Hotel Charges Man $127 for Water (Travel Can Be Very. Expensive. So Know What You’re Getting Into)

The Crystal Bar at the Wellesley hotel in Knightsbridge, London isn’t a cheap place to sit down and drink.

So there’s lots of mileage out there about a man who was charged $127 for 3 bottles of water.

Edward Heaton had a business meeting at the five star Wellesley Hotel in Knightsbridge, London. It was hot so they opted to sit outside on the cigar terrace of the Crystal Bar, and order three small bottles of San Pellegrino sparkling water. After the meeting concluded, and Mr. Heaton requested the bill, imagine his surprise, when the total came out to $127.

The story isn’t exactly true. The charge per bottle of sparkling Pellegrino was five and a half pounds each.

The hotel has a minimum charge on their cigar terrace, so the bill was topped off to reach 75 pounds.

The minimum is listed on menus, but it seems the customer didn’t take a menu. He feels cheated because he would’ve used up the full 75 pounds, instead of leaving it as a top off.

On the other hand, though, in a way this does remind of the Chinese tea ceremony scam.

In China the right approach is to throw down an appropriate amount of money and leave, or pay by credit card and sign ‘under duress’.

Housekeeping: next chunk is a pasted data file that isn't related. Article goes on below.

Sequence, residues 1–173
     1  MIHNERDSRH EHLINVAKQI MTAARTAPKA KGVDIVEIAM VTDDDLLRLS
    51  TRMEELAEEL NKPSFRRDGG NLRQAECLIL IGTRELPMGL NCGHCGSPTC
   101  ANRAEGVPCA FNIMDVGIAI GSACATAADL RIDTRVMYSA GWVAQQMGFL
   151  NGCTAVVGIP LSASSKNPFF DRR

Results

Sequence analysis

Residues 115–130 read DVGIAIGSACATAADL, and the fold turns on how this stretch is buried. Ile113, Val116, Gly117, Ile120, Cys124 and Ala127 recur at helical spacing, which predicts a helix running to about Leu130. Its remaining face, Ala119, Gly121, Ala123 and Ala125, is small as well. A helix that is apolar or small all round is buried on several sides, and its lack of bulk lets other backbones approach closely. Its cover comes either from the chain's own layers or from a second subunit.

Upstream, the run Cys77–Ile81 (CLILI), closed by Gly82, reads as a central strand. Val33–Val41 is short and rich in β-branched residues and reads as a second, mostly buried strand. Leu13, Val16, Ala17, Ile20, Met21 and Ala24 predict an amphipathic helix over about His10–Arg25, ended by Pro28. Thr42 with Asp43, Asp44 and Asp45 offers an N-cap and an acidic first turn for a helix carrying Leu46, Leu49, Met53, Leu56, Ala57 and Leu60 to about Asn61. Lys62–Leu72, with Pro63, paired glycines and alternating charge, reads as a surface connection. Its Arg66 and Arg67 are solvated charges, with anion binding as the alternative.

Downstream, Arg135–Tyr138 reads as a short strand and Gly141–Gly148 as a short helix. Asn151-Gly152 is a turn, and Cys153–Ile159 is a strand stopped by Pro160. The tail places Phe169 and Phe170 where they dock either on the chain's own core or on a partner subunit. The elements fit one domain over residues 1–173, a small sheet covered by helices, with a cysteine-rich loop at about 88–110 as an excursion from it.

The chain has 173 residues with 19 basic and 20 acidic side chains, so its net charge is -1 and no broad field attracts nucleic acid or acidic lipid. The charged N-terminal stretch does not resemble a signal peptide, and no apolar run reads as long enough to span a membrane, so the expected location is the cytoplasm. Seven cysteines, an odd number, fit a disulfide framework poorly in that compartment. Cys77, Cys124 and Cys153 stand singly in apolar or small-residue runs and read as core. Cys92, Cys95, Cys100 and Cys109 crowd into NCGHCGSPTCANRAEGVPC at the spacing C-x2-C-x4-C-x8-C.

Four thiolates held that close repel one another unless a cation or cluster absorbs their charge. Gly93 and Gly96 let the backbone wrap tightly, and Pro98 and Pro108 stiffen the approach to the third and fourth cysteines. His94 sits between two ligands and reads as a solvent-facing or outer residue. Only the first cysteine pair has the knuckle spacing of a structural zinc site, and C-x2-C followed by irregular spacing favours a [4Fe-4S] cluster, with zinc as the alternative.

Both probably would have worked in this case, too! As in China, you don’t necessarily want to call the police (although with the tea ceremony scam it’s generally because the cops are in on it).

Although it would be embarrassing to do in the context of this man’s business meeting. Which means it was also probably reimbursable anyway, so who cares, just enjoy that you’re earning extra miles and points on someone’s dime and hopefully you were using a credit card that doesn’t add foreign transaction fees if you’re from the Stats.

(HT: Tocqueville)


About Gary Leff

Gary Leff is one of the foremost experts in the field of miles, points, and frequent business travel - a topic he has covered since 2002. Co-founder of frequent flyer community InsideFlyer.com, emcee of the Freddie Awards, and named one of the "World's Top Travel Experts" by Conde' Nast Traveler (2010-Present) Gary has been a guest on most major news media, profiled in several top print publications, and published broadly on the topic of consumer loyalty. More About Gary »

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Comments

  1. You think its reimbursable, but I don’t know. My CFO would have my head if I tried to expense this.

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